In this study, the correlations between the homogeneous mixing degree and transition scale numbers will be examined based on the dataset of 8 cumulus flights. Then the secondary mixing events on the scatter of the correlations will be studied with the explicit mixing parcel model (EMPM) model.

2 Correlations between homogeneous mixing degree and transition scale numbers

2.1 Microphysical measure of homogeneous mixing degree

Three measures of homogeneous mixing degree were defined in Lu et al. [18]. Due to secondary reactivation in clouds and/or the uncertainty of na determined from in situ observations, the first measure of homogeneous mixing degree (ψ1) may go beyond 100 %. To account for this, ψ1 was redefined by Lu et al. [19]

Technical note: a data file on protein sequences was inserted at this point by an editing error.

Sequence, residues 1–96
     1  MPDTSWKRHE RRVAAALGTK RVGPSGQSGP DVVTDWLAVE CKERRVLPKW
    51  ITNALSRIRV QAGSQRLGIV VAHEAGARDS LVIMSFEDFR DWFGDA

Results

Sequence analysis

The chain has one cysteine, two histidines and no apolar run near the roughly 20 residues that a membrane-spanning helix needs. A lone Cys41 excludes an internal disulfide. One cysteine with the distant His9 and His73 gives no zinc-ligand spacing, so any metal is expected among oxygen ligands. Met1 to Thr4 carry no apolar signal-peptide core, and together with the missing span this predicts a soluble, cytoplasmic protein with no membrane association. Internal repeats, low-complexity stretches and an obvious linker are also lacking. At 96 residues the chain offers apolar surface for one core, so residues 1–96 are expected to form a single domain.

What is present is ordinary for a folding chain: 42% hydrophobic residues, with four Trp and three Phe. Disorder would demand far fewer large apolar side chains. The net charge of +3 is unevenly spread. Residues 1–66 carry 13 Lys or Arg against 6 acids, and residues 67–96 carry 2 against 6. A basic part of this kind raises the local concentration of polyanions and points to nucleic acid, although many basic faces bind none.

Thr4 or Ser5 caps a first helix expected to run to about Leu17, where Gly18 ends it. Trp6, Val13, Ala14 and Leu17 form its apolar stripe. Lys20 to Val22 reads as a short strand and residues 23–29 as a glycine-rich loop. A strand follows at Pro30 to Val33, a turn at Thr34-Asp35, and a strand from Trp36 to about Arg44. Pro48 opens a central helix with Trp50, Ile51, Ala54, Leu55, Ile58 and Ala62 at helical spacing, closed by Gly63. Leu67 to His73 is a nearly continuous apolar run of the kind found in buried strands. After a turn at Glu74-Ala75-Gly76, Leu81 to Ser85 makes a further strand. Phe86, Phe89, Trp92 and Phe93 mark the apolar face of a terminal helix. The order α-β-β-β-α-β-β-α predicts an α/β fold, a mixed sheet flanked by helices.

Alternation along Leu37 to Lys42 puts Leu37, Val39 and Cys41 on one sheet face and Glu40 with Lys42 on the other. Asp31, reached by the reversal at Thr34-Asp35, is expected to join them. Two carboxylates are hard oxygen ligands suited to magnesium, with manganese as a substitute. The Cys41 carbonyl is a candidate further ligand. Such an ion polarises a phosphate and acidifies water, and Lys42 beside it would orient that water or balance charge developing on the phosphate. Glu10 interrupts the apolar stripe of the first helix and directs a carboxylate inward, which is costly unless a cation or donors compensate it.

$$ \psi _{1} = \frac{\beta }{{{{\pi }}/2}} , $$
(1a)
$$ \beta = \tan^{ - 1} \left( {\frac{{\frac{{r_{\text{v}}^{3} }}{{r_{\text{va}}^{3} }} - 1}}{{\frac{n}{{n_{\text{a}} }} - \frac{{n_{\text{h}} }}{{n_{\text{a}} }}}}} \right) \quad {\text{for }}n < n_{\text{h}} ,{\text{ or}} $$
(1b)
$$ \beta = \pi + \tan^{ - 1} \left( {\frac{{\frac{{r_{\text{v}}^{3} }}{{r_{\text{va}}^{3} }} - 1}}{{\frac{n}{{n_{\text{a}} }} - \frac{{n_{\text{h}} }}{{n_{\text{a}} }}}}} \right)\quad {\text{for }}n \ge n_{\text{h}} , $$
(1c)
where β is an angle in Fig. 1a of Lu et al. [18]; n, rv, rva, and nh are, respectively, droplet number concentration, volume–mean radius, adiabatic volume–mean radius, and droplet number concentration during homogeneous mixing.
The second measure of homogeneous mixing degree was defined as [18]
$$ \psi _{2} = \frac{1}{2}\left( {\frac{{n - n_{{\text{i}}} }}{{n_{{\text{h}}} - n_{{\text{i}}} }} + \frac{{r_{{\text{v}}}^{3} - r_{{{\text{va}}}}^{3} }}{{r_{{{\text{vh}}}}^{3} - r_{{{\text{va}}}}^{3} }}} \right), $$